Psychotherapy News and Research RSS Feed - Psychotherapy News and Research

Psychotherapy is “talk” therapy. It involves talking with a mental health professional to treat a mental illness. Psychotherapy can occur one-on-one or in a group. Research shows that support from family and friends can be an important part of therapy.
New hope for patients suffering from most severe forms of anorexia nervosa

New hope for patients suffering from most severe forms of anorexia nervosa

Anorexia Nervosa has the highest mortality rate of any mental illness. In its most severe form, victims face a devastating 4,500% increased risk for death. In the wake of the recent national attention on the limited treatment options available for these extreme cases, it is important for sufferers to know that help is available. [More]
Study: Air pollution, impaired lung function independently affect cognition

Study: Air pollution, impaired lung function independently affect cognition

Studies have shown that both air pollution and impaired lung function can cause cognitive deficits, but it was unclear whether air pollution diminishes cognition by reducing breathing ability first or whether air pollution represents an independent risk factor for cognitive deficit. [More]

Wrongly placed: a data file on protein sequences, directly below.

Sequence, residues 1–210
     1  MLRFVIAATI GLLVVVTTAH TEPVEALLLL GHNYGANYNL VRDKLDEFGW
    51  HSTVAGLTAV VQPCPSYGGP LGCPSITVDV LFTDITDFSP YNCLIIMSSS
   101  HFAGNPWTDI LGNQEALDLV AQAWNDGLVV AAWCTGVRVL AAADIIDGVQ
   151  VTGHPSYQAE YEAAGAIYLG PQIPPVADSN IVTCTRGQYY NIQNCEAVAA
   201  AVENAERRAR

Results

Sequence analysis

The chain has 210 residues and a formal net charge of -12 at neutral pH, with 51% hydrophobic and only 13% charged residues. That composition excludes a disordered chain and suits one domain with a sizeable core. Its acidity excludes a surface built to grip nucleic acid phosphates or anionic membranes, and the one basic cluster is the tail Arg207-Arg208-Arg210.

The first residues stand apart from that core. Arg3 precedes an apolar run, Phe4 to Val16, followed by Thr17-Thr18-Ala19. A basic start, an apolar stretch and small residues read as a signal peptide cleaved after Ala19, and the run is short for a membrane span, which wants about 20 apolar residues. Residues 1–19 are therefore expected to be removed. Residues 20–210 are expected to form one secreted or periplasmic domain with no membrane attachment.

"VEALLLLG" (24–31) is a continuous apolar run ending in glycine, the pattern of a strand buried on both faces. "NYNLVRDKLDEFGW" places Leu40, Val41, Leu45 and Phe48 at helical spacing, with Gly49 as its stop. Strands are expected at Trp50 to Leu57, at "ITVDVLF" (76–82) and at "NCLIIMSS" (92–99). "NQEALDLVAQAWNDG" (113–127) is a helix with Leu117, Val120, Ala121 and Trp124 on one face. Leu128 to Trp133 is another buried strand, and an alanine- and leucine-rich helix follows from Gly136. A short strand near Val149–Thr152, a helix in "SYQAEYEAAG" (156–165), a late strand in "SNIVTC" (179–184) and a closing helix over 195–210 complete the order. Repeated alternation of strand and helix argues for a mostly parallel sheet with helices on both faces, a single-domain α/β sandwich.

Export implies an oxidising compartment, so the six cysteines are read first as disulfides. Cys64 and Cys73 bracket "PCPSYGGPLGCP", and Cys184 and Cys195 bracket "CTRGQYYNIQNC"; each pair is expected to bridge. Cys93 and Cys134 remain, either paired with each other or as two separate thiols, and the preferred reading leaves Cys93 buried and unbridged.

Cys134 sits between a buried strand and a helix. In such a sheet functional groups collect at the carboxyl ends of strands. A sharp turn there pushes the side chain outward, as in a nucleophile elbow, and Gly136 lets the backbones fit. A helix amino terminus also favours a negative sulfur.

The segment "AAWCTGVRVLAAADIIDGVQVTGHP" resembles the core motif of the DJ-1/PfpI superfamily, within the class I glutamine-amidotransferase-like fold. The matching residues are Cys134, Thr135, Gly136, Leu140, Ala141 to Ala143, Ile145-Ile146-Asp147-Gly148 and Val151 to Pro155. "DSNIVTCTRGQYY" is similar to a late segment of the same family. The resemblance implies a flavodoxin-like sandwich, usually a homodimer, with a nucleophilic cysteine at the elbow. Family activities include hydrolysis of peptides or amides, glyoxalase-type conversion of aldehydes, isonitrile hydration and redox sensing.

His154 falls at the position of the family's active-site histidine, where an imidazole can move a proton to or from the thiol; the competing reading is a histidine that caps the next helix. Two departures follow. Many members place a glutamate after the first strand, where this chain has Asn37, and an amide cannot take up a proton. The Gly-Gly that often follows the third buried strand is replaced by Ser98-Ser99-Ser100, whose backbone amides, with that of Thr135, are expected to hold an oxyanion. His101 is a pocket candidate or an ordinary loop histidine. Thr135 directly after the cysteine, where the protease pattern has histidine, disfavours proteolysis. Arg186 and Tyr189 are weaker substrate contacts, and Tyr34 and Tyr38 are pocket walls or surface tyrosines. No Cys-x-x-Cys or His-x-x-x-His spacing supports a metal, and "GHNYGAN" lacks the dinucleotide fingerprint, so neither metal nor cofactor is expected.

E-learning can provide efficient approach to training psychotherapists in new evidence-based treatments

E-learning can provide efficient approach to training psychotherapists in new evidence-based treatments

Employing online training programs to teach psychotherapists how to use newer evidence-based treatments can be as successful as in-person instruction, according to a new RAND Corporation study. [More]
Study calls for more intensive psychotherapeutic support for patients with alcohol addiction

Study calls for more intensive psychotherapeutic support for patients with alcohol addiction

The mortality of alcohol dependent patients in general hospitals is many times higher than that of patients without alcohol dependency. [More]
Researchers evaluate effects of integrating religious beliefs into depression therapy

Researchers evaluate effects of integrating religious beliefs into depression therapy